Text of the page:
Already, according to a 2014 study, among the teens who were hit by a car while walking, 47 percent were listening to music, 20 percent were talking on the phone, and 18 percent were texting.

Parents should insist that children put away their devices and headphones while walking on sidewalks or roads.

Never play while driving

In 2010, about 18 percent of all injury car accidents were attributed to distracted driving. This could mean texting, eating or drinking, talking on a cell phone, grooming, or many other activities that pull attention from the road.

Law enforcement officials say that young and inexperienced drivers are more likely to have an accident because of distracted driving. For a driver of any age, using a cell phone behind the wheel reduces brain functions needed for safe driving by up to 37 percent.

Experts recommend that all drivers turn off their phones or keep them out of reach while behind the wheel.

Be mindful of other pedestrians

Not only are cars a threat as a gamer searches for Pokémon, but other pedestrians can be as well. Be mindful of others’ space and paths of travel.

Further, be watchful for other distracted pedestrians or drivers who might be playing the game and not fully focusing on the road ahead. Make eye contact with drivers before crossing streets.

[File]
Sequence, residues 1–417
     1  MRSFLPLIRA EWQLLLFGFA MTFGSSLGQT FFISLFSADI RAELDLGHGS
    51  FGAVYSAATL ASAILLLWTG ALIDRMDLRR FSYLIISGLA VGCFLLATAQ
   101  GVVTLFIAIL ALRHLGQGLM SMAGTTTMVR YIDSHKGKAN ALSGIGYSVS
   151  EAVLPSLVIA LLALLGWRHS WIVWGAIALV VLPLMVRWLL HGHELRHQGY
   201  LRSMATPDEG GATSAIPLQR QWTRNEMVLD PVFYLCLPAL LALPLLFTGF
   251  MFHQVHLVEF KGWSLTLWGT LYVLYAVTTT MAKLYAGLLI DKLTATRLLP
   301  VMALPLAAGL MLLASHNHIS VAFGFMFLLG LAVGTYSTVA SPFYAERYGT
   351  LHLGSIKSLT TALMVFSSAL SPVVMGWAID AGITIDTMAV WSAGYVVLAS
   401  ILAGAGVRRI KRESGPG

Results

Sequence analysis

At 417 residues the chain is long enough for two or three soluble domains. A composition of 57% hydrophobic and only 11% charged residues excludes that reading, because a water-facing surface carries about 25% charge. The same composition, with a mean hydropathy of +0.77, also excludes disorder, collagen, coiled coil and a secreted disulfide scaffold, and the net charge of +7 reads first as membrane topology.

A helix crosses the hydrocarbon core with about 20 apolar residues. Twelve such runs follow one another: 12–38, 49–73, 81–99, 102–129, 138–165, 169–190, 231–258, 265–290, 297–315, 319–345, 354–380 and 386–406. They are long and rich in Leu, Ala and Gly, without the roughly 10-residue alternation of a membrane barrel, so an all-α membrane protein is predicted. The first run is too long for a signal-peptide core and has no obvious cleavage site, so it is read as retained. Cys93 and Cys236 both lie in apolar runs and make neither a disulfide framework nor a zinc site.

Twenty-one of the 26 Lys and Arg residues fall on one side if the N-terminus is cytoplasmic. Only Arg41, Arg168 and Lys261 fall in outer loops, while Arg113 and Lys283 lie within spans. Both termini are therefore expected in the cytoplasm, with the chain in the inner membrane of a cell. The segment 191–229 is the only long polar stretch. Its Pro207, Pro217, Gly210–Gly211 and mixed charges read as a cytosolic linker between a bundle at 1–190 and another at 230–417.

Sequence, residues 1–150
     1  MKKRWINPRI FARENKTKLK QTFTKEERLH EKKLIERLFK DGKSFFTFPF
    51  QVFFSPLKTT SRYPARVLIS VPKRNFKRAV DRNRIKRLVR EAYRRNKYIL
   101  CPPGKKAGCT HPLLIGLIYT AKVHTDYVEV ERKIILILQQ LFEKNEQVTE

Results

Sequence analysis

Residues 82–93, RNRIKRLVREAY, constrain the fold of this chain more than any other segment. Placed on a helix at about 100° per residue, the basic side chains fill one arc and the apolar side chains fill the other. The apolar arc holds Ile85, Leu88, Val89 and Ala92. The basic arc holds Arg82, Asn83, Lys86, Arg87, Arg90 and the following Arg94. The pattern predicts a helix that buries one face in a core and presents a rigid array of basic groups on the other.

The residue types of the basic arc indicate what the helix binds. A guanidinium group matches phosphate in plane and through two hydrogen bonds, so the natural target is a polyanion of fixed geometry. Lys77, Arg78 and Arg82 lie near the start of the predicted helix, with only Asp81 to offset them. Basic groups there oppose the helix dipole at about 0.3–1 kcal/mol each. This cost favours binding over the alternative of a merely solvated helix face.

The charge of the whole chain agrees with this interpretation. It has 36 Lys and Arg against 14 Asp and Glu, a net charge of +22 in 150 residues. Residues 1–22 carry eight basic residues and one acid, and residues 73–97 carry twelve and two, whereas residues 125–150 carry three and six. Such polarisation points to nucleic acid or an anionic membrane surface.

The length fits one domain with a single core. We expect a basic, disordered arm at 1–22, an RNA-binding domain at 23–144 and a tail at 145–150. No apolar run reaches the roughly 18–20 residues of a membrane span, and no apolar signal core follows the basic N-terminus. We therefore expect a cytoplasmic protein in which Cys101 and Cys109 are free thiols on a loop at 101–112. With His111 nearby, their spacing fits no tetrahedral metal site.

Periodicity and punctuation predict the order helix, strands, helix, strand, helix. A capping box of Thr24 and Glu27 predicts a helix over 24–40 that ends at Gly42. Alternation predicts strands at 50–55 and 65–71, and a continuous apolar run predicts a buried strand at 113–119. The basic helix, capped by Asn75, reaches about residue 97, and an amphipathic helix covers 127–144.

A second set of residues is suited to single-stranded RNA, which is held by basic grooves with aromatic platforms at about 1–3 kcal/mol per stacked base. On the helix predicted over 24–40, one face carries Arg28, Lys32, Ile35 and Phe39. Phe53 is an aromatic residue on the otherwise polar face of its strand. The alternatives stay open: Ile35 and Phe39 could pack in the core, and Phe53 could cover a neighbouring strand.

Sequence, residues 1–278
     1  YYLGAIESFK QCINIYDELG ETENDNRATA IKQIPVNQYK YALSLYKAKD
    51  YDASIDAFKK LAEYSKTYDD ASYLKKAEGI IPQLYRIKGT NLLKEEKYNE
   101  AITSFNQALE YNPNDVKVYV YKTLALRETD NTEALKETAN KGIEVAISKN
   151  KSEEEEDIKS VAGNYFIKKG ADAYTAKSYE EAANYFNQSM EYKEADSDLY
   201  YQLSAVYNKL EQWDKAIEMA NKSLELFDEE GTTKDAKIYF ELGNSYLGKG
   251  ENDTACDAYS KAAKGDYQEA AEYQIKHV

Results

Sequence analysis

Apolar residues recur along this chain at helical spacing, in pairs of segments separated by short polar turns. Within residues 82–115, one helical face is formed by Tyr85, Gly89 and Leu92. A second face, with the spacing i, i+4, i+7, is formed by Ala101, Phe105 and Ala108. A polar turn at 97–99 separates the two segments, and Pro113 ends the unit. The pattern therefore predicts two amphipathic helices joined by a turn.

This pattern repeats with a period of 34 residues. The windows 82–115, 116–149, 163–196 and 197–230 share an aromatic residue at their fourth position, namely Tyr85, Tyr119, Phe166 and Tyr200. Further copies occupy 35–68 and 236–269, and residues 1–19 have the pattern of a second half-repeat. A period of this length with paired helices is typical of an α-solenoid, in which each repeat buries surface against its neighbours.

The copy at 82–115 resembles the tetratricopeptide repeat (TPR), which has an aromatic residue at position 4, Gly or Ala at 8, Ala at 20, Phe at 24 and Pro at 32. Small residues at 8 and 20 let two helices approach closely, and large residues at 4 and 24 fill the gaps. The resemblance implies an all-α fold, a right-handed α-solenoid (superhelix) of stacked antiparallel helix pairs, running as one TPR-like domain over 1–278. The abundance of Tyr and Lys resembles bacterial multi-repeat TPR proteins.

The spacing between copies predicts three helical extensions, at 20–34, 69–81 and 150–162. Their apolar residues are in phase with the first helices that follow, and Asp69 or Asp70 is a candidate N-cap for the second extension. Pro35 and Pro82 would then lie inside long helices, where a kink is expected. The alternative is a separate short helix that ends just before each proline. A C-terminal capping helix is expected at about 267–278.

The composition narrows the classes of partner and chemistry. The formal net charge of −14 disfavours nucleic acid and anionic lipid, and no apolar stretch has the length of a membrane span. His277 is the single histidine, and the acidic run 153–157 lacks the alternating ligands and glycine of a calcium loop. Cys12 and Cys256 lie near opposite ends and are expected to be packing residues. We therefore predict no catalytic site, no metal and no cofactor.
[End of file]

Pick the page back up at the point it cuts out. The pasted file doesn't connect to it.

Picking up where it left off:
Don’t play in unsafe locations

Since Pokémon launched in recent weeks, media reports have surfaced of people falling off of cliffs or becoming victims of crimes while playing the game.

To that end, don’t search for Pokémon in locations that are dark, abandoned or otherwise unsafe. Stay in groups and be aware of surroundings.

Rotate screen time with other activities

Children should not exceed more than two hours of screen time each day. Screen time is considered watching TV, playing video games, or using the computer, tablet or smartphones.

Though Pokémon does inspire players to stay active, parents should remind their children of the countless other summertime activities that do not involve screens.

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Keeping Kids Active This Summer